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Highland pottery reaches for the sky

10 August 2010

An internationally acclaimed Highland pottery which makes all its products by hand is exhibiting a new design, and a number of one off pieces, exclusively with Jenners in Edinburgh this week.

The store has had a long relationship with Highland Stoneware. It has sold its distinctive designs since artist David Grant set up the pottery in the tiny North West Sutherland fishing village of Lochinver in the 1970s.

The new range called 'Edinburgh Skyline' will be launched on Saturday (7 August), and limited edition numbered pieces will be available to mark its introduction. The additional one off pieces will include otters, badgers, flowers and birds.

David will be at the store to meet customers and to sign products or chat about the high quality techniques and craftsmanship involved in making the pottery. Its world wide reputation is all the more remarkable given that the team producing all the pieces in the studios in Lochinver and Ullapool numbers only 24.

"Although all the 'Edinburgh Skyline' pieces are painted by Audrey Paton and myself, we all work as a team. The idea for the design originally came from research by Dorell Pirie, another of our hand decorators. We explored it, worked on some trials and the design just seemed to click. We are delighted to be bringing the first of the range, which will include mugs, vases and dishes, as well as some other individual pieces to Jenners," said David.

Jolene Martin is the Scottish Gifts Buyer at Jenners. She commented: "This is a fantastic opportunity not only to highlight the work of a long established supplier but also to be part of the launch of a range which celebrates the city of Edinburgh. As well as the Edinburgh Skyline range we shall also be exhibiting a number of one-off pieces throughout the month of August."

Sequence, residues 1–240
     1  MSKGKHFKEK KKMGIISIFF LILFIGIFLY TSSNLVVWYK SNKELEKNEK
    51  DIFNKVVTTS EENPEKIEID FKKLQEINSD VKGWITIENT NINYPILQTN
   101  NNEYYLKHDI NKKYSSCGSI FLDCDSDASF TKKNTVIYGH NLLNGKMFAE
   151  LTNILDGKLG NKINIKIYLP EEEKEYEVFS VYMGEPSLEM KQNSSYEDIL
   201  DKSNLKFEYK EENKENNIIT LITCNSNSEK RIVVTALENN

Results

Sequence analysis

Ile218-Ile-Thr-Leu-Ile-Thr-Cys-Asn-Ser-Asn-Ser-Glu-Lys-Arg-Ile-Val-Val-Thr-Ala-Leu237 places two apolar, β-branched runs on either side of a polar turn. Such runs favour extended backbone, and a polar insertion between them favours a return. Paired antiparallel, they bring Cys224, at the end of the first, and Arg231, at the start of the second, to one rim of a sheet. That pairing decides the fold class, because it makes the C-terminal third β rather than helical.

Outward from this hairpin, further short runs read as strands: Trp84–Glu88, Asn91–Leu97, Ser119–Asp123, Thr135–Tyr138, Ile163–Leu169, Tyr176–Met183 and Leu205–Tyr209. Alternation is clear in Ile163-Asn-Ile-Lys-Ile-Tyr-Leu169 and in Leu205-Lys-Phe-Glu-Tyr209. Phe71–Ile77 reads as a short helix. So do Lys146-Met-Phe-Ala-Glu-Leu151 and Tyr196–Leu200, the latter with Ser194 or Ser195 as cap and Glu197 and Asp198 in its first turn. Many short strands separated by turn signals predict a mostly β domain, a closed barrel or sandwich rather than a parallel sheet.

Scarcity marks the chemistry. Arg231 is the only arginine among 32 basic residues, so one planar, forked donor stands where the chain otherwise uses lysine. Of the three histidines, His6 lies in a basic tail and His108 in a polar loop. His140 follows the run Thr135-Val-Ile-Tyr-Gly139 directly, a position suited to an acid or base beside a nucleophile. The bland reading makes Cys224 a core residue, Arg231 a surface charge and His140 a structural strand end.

Highland Stoneware pieces capture the atmosphere of Scottish life, with designs featuring wildlife and landscapes. Their production techniques, using a unique palette of glazes and firing processes, create strong, high quality items with an unmistakable depth. The ethos of working also reflects the community spirit in the Highland villages where its workshops are based, with staff sharing in the business' success and visitors welcome to see each piece being made.

While Highland Stoneware has historically sold through high-end suppliers, its work with community and economic development agency, Highlands and Islands Enterprise (HIE) means that it is continuing to look at innovative ways of growing.

"We have always listened carefully to the views of our customers. We have seen exciting projects come from that; the creation of new designs, bespoke pieces, dinnerware and decorative work for restaurants. With HIE's support we have been expanding our online opportunities and this is proving massively popular - last year we increased our web sales by 40%. We hope it is opening up the market to a whole new range of customers," said David.

Keith Muir of HIE works with the business to find growth opportunities: "Highland Stoneware is a hugely creative business which is constantly looking at how it can learn from its more than 30 years experience. It is innovative and flexible in looking at the best ways of working. As a key employer it offers challenging and creative opportunities in a remote area and its international reputation and visitor friendly workshops certainly add value to the local tourism market."

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